• So this is a sort of fractionation process or 'ion-exchange chromatography' with the negatively charged cation resin acting as the immobile phase and the buffered complexing agent solution acting as the mobile phase.
      • Glenn Seaborg was one of the great chemists of the period studying the chemistry of the 'Actinide Elements' in the post-WWII 'nuclear' period and has an element named after himself, element 106, Seaborgium (106Sg).
    • Data from pre-1957
    • The y-axis represents the radioactivity, which rises and falls as each element (as M3+ ion) is eluted from the column and the x-axis shows the volume of eluent coming off the column (both logarithmic scales).
      • The radioactivity in the eluent drops is a measure of the actinide M3+ ion concentration.
    • At the time of this pioneering work, the elements nobelium (102No) and lawrencium (103Lr) were not recognised but there position predicted!
    • I've added the atomic numbers for the elements that were definitely known at the time in the elution sequence.
    • Pretty good using a humble ion-exchange column!
  • OTHER USES OF ION EXCHANGE RESINS in the chemical and pharmaceutical industries
    • There are many uses of ion exchange resins in the chemical industry and applications in the pharmaceutical industry and the use of direct treatments with ion exchange materials.
    • Nitrate Removal: Ion exchange is used for the removal of nitrates from nitrate polluted waters e.g. from farmland using a strong base anion exchange resin operating in the chloride ion form (salt solution regenerated).
    • Specialised Waste Treatments: e.g. radioactive waste systems in nuclear power plants include ion exchange systems for the removal of trace quantities of radioactive nuclides from water that will be released to the environment.
      • Cation ion exchange resins were used, and still are, to separate metallic element ions from nuclear reactor waste. Historically, this the most important method of separating and identifying the products of nuclear fission and elements like plutonium and americium formed by neutron bombardment of lighter atoms.
    • Chemical Processing – Catalysis : Ion exchange resins are solid and insoluble but are reactive and can act as acids, bases, or salts. Therefore  ion exchange resins can replace alkalis, acids and metal ion catalysts in hydrolysis, esterification, hydration or dehydration and polymerization processes. The advantages of ion exchange resin catalysts is that (i) its easy to separate the catalyst from the products of reaction, (ii) repeated reuse, (iii) reduction of side reactions and (iv) lack of need for special alloys or lining of chemical plant equipment -eg reactor vessels.
    • Purification: Purification by ion exchange can be used to remove contaminating acids, alkalis, salts from non-ionised or slightly ionised organic or inorganic substances. Ion exchange resins can be used in metal extraction by a process of separation and concentration. In aqueous mixtures containing large amounts of contaminants and only small amounts of a desired ionic solute, ion exchange resins can be used to selectively isolate and concentrate the desired solute, for example, the recovery of uranium from sulfuric acid leach solution with strong base anion resins. Other specific chelating resins can be used for metals recovery such as copper, nickel, cobalt and precious metals.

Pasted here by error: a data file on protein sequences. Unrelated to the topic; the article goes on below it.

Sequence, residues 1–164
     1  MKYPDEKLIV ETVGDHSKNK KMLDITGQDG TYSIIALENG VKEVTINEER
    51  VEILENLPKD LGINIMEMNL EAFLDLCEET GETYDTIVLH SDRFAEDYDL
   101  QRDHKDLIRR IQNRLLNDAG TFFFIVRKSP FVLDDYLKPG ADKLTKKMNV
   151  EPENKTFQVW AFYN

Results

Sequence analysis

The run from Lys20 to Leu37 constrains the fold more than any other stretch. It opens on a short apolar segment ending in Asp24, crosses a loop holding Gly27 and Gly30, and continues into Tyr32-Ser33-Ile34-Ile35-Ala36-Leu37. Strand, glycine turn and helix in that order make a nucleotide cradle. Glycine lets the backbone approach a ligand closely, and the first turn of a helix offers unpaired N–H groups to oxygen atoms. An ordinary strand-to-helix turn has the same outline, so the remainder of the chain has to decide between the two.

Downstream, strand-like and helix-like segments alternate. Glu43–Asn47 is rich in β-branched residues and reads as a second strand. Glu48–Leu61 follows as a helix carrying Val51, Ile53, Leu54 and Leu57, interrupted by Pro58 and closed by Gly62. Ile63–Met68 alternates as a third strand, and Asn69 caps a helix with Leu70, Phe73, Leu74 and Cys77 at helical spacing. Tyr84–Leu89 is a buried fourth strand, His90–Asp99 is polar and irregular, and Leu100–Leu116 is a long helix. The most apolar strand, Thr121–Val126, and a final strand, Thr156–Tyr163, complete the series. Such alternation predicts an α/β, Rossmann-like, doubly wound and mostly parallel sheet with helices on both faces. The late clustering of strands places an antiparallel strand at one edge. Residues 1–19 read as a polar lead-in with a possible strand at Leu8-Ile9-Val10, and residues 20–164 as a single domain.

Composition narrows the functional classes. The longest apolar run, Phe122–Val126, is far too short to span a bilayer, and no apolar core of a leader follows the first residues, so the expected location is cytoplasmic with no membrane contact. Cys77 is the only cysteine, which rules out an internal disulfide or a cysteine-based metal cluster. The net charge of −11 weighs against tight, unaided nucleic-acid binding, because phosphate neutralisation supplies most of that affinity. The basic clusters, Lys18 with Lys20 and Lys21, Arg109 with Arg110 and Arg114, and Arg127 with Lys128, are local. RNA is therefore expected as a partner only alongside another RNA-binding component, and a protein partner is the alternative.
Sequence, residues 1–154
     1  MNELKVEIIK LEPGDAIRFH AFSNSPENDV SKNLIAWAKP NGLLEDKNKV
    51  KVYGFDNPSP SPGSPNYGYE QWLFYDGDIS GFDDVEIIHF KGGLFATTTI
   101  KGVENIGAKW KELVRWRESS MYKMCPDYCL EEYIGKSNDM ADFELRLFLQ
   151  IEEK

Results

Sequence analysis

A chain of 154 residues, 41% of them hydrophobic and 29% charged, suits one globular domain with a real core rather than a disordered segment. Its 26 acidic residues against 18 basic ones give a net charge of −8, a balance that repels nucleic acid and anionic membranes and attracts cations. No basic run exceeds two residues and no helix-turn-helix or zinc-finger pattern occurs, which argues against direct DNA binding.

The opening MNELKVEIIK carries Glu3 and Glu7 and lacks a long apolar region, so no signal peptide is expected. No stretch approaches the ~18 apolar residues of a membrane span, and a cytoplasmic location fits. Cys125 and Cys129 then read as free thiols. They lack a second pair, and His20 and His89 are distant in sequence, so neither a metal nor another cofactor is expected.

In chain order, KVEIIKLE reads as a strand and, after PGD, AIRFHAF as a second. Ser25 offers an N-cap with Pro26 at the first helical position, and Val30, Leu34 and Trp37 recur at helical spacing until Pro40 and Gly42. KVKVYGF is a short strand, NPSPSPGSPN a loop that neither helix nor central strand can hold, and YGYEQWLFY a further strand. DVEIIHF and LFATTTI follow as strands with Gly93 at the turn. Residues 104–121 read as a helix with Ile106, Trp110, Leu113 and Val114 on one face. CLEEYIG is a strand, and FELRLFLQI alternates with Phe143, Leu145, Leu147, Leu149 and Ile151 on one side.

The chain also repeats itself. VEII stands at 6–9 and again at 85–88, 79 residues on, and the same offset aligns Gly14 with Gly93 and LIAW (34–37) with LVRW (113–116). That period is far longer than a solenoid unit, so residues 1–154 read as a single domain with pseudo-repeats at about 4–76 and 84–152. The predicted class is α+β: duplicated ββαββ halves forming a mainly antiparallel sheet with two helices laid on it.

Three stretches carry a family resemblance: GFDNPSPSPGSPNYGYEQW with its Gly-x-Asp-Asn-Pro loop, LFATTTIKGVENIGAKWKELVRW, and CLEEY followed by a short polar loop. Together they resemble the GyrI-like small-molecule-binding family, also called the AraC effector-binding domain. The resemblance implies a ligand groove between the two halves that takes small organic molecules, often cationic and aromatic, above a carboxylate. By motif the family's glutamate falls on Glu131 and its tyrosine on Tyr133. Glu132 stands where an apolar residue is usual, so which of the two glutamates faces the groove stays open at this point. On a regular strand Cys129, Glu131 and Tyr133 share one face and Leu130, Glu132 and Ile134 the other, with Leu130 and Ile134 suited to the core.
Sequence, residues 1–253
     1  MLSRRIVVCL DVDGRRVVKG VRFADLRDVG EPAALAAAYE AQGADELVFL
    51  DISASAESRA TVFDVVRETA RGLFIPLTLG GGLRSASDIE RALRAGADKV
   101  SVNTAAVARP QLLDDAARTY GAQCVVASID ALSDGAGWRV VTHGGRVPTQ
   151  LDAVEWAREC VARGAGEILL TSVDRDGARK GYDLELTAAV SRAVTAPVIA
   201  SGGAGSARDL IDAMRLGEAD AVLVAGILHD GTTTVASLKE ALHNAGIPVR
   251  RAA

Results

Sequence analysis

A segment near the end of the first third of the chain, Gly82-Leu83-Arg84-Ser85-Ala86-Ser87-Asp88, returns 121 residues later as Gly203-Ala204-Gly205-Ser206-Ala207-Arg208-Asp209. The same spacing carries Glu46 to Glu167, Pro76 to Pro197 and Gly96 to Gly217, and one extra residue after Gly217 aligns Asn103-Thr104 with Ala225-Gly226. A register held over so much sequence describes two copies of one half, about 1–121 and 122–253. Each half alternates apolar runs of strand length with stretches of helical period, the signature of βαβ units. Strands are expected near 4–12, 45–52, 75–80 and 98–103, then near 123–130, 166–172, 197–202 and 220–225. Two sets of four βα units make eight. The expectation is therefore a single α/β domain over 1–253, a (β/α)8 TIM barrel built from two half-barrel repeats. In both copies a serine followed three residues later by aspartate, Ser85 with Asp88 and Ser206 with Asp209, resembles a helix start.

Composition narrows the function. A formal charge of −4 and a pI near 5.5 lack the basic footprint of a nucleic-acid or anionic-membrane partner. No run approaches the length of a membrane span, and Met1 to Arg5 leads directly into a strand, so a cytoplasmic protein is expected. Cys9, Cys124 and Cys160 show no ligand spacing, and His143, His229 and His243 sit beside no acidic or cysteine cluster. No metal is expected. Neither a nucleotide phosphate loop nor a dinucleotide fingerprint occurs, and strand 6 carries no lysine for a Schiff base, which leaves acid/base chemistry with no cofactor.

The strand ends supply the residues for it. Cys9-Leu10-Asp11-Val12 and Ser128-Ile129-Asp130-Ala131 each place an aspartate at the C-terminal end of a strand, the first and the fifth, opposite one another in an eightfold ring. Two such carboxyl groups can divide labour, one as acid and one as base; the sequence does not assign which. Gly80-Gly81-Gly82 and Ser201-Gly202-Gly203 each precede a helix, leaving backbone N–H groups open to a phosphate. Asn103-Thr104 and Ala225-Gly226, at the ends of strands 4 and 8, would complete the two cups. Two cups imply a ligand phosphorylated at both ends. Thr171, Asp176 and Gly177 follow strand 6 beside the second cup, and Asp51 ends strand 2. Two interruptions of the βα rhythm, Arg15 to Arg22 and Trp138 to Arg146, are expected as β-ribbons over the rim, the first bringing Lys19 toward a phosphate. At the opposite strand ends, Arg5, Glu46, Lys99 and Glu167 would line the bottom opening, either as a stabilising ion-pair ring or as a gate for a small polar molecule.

• Pharmaceuticals and Fermentation: Ion exchange resins can be used as carriers for medicinal materials and in slow release medical applications. In some cases, the ion exchange resin has the medicinal affect desired, for example, Cholestyramine, a dried and ground strong base anion resin is used to bind bile acids for reducing blood cholesterol. Ion exchange resins are used in a variety of fermentation and biotechnology applications, using processes to isolate and purify lysine, streptomycin and neomycin and other similar antibiotics.

TOP and LINKS

Part 4 sub–index 4.1 Partition between two phases *

4.2 Solubility product Ksp & common ion effect * 4.3 Ion–exchange systems


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ALPHABETICAL SITE INDEX for chemistry     

Part 4 sub–index 4.1: Partition between two phases * 4.2 Solubility product Ksp & common ion effect * 4.3 Ion–exchange systems Advanced Equilibrium Chemistry Notes Part 1. Equilibrium, Le Chatelier's Principle–rules * Part 2. Kc and Kp equilibrium expressions and calculations * Part 3. Equilibria and industrial processes * Part 4 sub–index (this section): 4.1 Partition between two phases * 4.2 Solubility product Ksp and common ion effect * 4.3 Ion–exchange systems * Part 5. pH, weak–strong acid–base theory and calculations * Part 6. Salt hydrolysis, Acid–base titrations–indicators, pH curves and buffers * Part 7. Redox equilibria, half–cell electrode potentials, electrolysis and electrochemical series * Part 8. Phase equilibria–vapour pressure, boiling point and intermolecular forces * M = old fashioned shorthand for mol dm–3